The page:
In the Introduction by Peter he says “This little book documents the history of Norfolk Island through the words of its language, for words of any language are not just labels for the world around us, but a memory of how speakers make their world their hoem, ‘home’. Words tell us about lifestyle, concerns and cultural practices of the speakers of a language and of the many changes that are experienced by each new generation of speakers. Unfortunately, languages, like humans, can experience a loss of memory and words and meanings can get lost”.
Described as ‘a work in progress’, the booklet details a range of Norf’k words and gives their meanings and origins. It clearly shows the richness of Norf’k expressions and the important role language plays in culture and identity. Thankfully the work by Shirley Harrison, Beryl Palmer Nobbs and Alice Buffett has meant that we have not lost many of the memories of our language and where we have come from. Peter describes these three as “pioneering in documenting and promoting the language”. The revival of the language since it was declared the official language of Norfolk Island in 2004 is so encouraging. Just one week earlier than this book launch, Rachel Nebauer-Borg launched her book of adult fiction written entirely in Norf’k, “Stidaun Short Letl”. We now have school resources and classes, books, poetry, song competitions and museum displays all dedicated to the Norf’k language.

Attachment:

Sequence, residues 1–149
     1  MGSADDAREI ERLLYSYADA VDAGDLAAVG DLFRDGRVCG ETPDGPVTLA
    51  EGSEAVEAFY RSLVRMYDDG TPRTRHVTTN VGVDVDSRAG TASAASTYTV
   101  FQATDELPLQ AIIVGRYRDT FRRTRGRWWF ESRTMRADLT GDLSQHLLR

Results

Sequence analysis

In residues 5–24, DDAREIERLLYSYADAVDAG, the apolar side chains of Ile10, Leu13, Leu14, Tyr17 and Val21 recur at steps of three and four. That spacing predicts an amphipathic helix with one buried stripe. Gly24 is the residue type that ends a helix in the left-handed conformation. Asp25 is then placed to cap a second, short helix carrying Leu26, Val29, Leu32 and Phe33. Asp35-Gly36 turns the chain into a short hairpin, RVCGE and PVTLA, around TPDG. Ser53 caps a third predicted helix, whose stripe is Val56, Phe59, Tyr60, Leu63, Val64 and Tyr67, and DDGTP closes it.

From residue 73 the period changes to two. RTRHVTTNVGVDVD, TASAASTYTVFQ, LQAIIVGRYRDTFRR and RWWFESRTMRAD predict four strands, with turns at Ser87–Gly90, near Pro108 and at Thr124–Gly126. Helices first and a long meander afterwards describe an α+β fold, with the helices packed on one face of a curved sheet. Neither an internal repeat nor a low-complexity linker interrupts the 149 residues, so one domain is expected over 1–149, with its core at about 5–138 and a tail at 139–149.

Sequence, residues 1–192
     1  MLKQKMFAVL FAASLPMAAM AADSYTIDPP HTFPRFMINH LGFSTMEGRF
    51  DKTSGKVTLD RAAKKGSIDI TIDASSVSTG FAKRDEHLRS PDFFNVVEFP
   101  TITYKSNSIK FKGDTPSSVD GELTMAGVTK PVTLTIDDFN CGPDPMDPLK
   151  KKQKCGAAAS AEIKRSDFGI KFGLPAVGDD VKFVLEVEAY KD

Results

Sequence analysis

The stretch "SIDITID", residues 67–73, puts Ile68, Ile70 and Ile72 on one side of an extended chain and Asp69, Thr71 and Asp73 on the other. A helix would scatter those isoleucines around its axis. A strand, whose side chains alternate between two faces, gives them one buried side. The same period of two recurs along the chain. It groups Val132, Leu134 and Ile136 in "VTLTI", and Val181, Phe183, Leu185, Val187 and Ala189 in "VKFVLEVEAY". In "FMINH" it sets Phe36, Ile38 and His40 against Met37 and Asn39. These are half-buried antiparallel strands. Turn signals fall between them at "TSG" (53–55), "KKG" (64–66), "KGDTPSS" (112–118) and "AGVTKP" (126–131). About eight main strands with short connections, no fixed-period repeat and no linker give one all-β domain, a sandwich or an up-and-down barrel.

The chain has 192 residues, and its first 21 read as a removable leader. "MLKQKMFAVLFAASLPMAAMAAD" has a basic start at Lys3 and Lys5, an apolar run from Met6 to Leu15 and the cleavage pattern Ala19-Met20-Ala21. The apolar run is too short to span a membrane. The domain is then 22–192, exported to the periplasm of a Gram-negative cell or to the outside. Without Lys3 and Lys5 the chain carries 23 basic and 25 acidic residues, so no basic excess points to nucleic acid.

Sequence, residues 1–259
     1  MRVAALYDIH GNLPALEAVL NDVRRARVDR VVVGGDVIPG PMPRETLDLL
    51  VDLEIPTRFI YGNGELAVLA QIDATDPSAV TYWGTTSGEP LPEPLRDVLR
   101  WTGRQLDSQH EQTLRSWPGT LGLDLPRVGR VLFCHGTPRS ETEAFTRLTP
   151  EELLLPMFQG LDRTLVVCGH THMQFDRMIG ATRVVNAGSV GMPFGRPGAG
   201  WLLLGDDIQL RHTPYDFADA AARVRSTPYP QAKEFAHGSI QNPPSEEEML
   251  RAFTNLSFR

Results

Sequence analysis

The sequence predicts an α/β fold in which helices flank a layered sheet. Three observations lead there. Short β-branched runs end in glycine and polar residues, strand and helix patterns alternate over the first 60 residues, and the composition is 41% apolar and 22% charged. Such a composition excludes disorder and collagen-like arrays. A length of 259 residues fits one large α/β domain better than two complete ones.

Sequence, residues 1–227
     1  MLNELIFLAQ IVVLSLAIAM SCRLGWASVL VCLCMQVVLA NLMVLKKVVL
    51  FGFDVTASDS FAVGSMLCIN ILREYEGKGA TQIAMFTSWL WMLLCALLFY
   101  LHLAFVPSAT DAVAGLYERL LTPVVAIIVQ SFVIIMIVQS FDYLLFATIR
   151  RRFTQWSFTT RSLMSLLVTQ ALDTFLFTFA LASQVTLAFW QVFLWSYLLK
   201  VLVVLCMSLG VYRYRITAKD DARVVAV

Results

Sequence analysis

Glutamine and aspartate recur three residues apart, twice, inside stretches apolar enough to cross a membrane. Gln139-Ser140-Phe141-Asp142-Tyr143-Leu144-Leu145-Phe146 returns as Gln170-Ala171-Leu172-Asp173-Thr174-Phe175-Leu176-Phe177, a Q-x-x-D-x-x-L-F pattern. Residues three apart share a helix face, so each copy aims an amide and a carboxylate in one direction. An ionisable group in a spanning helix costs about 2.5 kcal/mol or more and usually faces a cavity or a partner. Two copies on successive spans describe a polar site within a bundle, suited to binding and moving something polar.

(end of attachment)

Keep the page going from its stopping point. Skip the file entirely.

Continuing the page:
At the launch all three of the authors spoke. From their words it was clear that a great amount of time, resources and, most importantly, passion has gone into their work and this booklet. It is one of the outcomes of a 2006 ARC Grant that supported a joint language project between the University of Adelaide, the Norfolk Island Government and the Museum. The Museum is very, very thankful that the copyright and income from all book sales is to come to the Museum Trust to be used for future language displays and resources.
At the launch it was also good to be able to welcome Anne Harrison, daughter of Shirley Harrison. Shirley was the daughter of Moresby and Mavis Buffett and completed her MA and PhD thesis on the origin and use of Norf’k words. The Museum has been the grateful recipient of all Shirley’s research material. Anne is now continuing her mother’s work and legacy with a MA in Norf’k nicknames and will be returning to the island several times over the next year to begin her research.
One of the words or phrases recorded in ‘Ucklun’s Norf’k’ is ‘myse fish’ or ‘mais fish’. It says: “While there are written records for toela and tintoela as meaning ‘sweetheart’ from the 1960s, and records of the word as meaning ‘girlfriend’ in the 1970s from Shirley Harrison’s informants who were born around 1900-1910, the related expression mais fish also meaning ‘sweetheart’ was recorded as early as 1938. Mais fish means ‘the best catch’ (not literally) or to be ‘caught: hook, line and sinker’. It is actually known by Island elders to have been used way before then. Eliza Clarkson, affectionately known to many as ‘Miss Everett’ recounted in a memoir of her life, “during my early teenage years I can remember, along with other girls in my age group, picking out the most handsome and friendly cable station young men, and having romantic thoughts about them. If they even just said to us hello myse fish, we would be over the moon with delight”.